Non-profit sector dissatisfaction
In the early 21st century there was a huge range of non-profit social service organisations, but their interests were often different. Some were complex and nationally organised, following business models of management and employing large numbers of staff. Others were small, often local in their operations, and solely reliant upon volunteers. Larger organisations with greater resources had a political voice and pressured the government for funds.
The government’s use of contracts to fund the non-profit sector caused relations with the sector to deteriorate during the 1990s. Contracts encouraged competition among agencies that had formerly cooperated. Many organisations resented having to constantly renegotiate contracts, and felt that their values and aims were being undermined by the tight specifications. Volunteers were sometimes sidelined because of the need for trained, professional delivery of services.
The Labour-led government elected in 1999 put in place a number of measures to review and improve the relationship with voluntary organisations. These included a new ministerial portfolio (the minister for the community and voluntary sector), a working party to investigate the relationship between the sector and the government, and the establishment of an Office for the Community and Voluntary Sector within the Ministry of Social Development. Te Wero (Action Group Māori) was set up in 2003 to examine engagement between government departments and Māori. Research into the non-profit sector was encouraged.
In the early 21st century there was much talk of ‘partnership’ between non-profit social services and government. However, government departments still had to be accountable for taxpayer funds when dealing with contracting agencies. Many agencies, on the other hand, felt that the relationship with the government was one-sided and shaped by government priorities rather than those identified by voluntary and community groups.
Defining a charity
From the 16th century, case law developed on the definition of a charity. One important criterion that was sometimes tested in the courts was ben–efit to the community. Under the Charities Act 2005, to be registered as a charity an organisation must have a charitable purpose. This can relate to ‘the relief of poverty, the advancement of education or religion, or any other matter beneficial to the community’.1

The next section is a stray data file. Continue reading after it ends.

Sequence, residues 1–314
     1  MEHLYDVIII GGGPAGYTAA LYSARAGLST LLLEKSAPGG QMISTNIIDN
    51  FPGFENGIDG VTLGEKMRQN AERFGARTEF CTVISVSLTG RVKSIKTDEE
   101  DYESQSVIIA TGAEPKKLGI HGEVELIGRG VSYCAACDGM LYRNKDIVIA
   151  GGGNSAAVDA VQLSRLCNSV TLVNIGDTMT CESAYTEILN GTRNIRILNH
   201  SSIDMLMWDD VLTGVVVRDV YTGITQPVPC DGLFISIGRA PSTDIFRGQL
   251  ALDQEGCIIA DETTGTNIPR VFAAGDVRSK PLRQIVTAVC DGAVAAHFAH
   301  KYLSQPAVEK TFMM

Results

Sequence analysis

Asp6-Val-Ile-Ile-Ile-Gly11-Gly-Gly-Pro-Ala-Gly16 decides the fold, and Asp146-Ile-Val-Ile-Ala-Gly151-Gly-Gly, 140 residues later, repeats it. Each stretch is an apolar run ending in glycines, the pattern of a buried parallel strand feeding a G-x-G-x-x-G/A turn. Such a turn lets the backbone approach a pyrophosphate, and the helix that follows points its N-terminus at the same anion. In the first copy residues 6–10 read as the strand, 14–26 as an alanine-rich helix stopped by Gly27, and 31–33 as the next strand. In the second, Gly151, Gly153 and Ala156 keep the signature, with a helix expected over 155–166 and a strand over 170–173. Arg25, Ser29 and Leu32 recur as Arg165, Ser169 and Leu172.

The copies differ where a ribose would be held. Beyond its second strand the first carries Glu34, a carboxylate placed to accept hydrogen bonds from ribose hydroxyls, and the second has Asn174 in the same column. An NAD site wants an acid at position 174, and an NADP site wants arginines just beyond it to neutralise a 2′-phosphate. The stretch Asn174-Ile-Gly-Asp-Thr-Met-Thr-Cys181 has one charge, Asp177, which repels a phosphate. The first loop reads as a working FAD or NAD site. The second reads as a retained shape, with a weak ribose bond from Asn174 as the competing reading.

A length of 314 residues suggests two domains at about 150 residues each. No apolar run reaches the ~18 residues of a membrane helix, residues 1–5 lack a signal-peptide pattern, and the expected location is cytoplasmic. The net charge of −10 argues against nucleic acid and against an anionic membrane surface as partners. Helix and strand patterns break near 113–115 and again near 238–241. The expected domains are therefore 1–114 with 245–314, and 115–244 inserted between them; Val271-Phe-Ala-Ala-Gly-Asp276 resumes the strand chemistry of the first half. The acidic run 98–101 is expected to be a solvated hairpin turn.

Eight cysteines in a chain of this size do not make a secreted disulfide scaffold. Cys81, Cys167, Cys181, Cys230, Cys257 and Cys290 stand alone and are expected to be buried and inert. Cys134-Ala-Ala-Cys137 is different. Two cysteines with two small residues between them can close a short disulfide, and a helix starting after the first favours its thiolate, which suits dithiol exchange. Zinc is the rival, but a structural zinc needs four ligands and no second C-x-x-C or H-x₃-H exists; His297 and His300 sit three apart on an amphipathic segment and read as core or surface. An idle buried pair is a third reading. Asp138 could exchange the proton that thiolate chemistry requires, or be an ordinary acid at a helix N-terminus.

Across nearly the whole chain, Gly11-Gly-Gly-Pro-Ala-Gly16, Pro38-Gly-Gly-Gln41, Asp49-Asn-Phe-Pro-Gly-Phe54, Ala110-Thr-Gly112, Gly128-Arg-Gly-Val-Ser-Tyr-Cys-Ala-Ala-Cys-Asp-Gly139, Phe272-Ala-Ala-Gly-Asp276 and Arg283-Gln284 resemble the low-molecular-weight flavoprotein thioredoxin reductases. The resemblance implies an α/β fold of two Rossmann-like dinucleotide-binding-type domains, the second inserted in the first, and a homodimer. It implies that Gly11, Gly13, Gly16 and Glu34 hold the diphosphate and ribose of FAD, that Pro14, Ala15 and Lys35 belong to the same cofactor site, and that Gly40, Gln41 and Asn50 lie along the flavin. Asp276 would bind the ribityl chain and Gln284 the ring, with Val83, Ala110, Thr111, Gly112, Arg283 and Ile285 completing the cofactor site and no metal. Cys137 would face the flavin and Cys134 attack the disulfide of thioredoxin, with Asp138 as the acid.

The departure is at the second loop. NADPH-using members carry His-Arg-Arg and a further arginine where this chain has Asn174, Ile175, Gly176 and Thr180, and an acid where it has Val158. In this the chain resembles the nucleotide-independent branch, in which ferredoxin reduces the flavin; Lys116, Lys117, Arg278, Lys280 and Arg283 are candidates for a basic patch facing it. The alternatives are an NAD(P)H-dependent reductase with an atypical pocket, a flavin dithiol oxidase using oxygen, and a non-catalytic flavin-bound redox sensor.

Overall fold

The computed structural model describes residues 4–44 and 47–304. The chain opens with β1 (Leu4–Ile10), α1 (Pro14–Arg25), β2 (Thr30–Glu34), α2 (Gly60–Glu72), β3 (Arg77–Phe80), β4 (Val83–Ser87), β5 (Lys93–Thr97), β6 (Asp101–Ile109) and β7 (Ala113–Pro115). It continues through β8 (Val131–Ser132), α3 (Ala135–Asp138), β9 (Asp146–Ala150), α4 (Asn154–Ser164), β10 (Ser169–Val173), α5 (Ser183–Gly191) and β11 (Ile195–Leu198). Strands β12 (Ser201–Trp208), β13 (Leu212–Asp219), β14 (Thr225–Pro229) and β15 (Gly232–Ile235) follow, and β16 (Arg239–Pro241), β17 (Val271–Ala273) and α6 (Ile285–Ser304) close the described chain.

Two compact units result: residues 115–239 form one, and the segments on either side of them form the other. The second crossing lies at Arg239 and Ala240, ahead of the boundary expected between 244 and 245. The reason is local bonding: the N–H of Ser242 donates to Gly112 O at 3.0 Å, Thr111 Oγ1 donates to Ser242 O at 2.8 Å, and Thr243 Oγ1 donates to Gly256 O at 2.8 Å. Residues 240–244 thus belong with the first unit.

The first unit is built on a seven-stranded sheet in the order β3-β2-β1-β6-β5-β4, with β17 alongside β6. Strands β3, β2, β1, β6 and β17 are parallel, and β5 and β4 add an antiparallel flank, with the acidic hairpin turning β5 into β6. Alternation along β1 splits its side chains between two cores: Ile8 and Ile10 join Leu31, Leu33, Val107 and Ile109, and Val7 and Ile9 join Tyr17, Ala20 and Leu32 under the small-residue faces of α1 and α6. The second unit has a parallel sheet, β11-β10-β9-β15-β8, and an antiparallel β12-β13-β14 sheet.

The Charities Act 2005
Because of the limited amount of private charity in 19th-century New Zealand, the colony did not develop an agency along the lines of the English Charities Commission established in 1853. There was consequently no body to register and oversee charities. Charities in New Zealand were exempt from income tax and gift duty. Concerns about the abuse of charitable status for tax purposes and charities’ accountability for funds received prompted the Charities Act 2005.
A Charities Commission was formed to register and monitor charities as a condition of their tax exemption. It also had a statutory role to support charities to improve their management and governance. In 2012 the commission was integrated into the Department of Internal Affairs. Charities Services – Nga Rātonga Kaupapa Atawhai was established to register charities and provide advice on their governance.
New reporting standards developed in 2015 require financial statements in a specific format. New audit and review requirements necessitate increased competence in accounting. In 2016, 27,955 charities were registered. Six per cent of them provided social services and 2.6% services for people with disabilities. Others were involved in areas such as emergency relief, arts, culture and heritage, sport and recreation, and religious activities. Not all non-profit organisations qualified or chose to register as charities.